The public numbers from various sources are based on different definitions and parameters. According to the Johns Hopkins Coronavirus Research Center, the definition of confirmed cases includes presumptive positive cases. This number will vary with other local sources who may not have included presumed positive cases. In addition, Johns Hopkins relies on recovered cases based on local media reports, data that is inconsistent in the sourcing.

In comparison, the New York City Health Department has also reported on positive cases by diagnosis date, hospitalizations by admission date and deaths by date of death. Their use of confirmed cases is based on the count provided by local hospitals in NYC, and admittedly their calculation for confirmed cases changed from the diagnosis date on March 31, 2020. This means that prior to this date, their reported number of cases was based on the report date. The change in the calculation for the number makes it difficult to connect the number of confirmed cases prior and post March 31.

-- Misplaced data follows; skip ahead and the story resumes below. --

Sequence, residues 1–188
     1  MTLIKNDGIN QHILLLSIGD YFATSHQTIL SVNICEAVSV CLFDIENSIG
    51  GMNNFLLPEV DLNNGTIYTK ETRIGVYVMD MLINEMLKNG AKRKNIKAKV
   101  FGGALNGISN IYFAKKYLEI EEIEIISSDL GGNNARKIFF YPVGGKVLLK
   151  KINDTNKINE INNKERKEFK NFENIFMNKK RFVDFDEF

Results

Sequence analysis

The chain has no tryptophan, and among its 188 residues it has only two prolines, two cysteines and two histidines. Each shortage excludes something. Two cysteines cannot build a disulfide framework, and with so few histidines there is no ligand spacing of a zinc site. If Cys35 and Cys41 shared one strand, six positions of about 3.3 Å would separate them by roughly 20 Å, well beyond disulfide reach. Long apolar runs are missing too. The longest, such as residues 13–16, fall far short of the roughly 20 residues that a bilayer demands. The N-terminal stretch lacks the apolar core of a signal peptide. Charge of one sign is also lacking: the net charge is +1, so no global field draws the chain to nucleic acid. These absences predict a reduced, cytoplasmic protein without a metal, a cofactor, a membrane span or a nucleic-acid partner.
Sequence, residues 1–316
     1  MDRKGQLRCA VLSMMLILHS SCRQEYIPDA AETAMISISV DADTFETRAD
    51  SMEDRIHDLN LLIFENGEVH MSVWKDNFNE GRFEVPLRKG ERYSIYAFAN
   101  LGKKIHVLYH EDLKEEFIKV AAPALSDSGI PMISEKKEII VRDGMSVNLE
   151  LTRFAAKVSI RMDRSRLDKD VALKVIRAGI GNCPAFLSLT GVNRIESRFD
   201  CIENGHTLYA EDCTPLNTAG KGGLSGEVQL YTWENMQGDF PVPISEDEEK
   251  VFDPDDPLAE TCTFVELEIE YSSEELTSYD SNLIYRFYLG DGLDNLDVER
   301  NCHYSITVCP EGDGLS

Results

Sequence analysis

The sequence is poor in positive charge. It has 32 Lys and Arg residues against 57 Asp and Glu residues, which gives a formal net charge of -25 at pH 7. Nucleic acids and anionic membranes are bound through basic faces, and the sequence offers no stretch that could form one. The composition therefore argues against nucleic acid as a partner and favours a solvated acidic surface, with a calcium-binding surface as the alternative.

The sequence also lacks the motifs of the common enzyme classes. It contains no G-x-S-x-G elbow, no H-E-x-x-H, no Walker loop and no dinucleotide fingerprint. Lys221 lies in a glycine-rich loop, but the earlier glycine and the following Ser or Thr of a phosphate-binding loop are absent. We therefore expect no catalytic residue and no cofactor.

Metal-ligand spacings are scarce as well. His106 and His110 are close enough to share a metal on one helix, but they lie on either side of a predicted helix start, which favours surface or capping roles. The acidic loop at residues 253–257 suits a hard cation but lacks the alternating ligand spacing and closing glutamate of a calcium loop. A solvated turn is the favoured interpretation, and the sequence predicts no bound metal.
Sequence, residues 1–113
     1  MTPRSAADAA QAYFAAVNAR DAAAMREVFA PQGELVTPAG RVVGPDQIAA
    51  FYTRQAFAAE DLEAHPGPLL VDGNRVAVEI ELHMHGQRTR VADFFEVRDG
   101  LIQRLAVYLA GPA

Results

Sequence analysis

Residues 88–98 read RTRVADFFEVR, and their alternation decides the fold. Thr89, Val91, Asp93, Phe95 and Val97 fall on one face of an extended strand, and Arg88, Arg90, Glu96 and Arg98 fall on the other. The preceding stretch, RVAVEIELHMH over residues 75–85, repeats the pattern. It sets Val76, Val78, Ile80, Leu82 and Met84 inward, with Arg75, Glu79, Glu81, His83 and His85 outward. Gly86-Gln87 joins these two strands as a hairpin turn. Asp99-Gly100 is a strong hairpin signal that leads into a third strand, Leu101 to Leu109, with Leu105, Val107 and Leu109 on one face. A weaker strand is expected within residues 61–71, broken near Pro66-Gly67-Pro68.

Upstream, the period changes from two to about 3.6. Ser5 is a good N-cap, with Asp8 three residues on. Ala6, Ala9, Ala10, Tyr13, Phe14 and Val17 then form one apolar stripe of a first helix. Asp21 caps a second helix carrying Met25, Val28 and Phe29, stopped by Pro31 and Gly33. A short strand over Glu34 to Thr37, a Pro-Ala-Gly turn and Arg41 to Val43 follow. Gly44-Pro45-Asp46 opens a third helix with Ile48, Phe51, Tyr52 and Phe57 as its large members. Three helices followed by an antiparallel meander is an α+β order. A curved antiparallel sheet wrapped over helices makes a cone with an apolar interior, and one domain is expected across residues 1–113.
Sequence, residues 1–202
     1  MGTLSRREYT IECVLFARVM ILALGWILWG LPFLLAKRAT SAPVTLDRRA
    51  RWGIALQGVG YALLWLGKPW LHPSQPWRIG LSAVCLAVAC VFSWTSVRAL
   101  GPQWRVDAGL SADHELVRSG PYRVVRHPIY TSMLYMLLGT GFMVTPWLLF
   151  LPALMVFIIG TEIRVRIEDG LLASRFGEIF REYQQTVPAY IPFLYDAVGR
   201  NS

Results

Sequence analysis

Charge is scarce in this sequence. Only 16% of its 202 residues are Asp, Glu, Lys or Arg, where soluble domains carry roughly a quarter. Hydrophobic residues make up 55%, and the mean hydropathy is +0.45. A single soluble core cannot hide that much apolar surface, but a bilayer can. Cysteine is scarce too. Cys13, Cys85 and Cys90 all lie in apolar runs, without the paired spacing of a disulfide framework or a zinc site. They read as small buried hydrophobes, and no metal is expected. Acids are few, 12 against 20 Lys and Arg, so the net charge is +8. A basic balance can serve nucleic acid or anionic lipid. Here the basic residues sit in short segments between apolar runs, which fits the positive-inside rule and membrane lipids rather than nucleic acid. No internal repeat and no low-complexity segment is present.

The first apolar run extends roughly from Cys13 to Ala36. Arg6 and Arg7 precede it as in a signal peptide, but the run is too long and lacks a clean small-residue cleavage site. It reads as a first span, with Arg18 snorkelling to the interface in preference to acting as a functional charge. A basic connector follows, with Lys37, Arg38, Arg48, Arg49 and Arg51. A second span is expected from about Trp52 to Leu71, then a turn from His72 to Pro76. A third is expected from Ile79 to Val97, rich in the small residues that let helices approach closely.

Visualizing the Trends in COVID-19

Data governance problems also arise with how to illustrate and represent the standardized data to the public. There are several techniques that can be used to create a graph to represent the scale of the number of new cases by country. Two common types are a linear scale and a logarithmic scale. When there are numbers that are skewed towards high values, a logarithmic scale is preferable to show the change in rate in the number of new cases over time.

The logarithmic scale is extremely useful in displaying large data, but it may not be understood by all readers. Without the proper labeling in this graph of data, a reader can be misled to believe that this is a linear scale. For example, in the logarithmic scale below of COVID-19 cases by different countries, the large number confirmed cases in the United States can be graphed with the smaller number of confirmed cases in Japan and South Korea.

A linear scale is most often assumed for a line graph since it is the first method learned by students in primary school. It is a simple way to graphically represent the absolute number of cases. However, with the large scale in the number of confirmed cases, this method would not be a feasible way to illustrate the data in one chart.

Another technique used in this same graphical analysis is the rolling average of the daily confirmed cases. A rolling average line smooths out the “noise” that may occur from a one-day spike in cases. Otherwise there would be multiple spikes in the line for the period of time. The moving average line shows the upward directional trend.

Source: Financial Times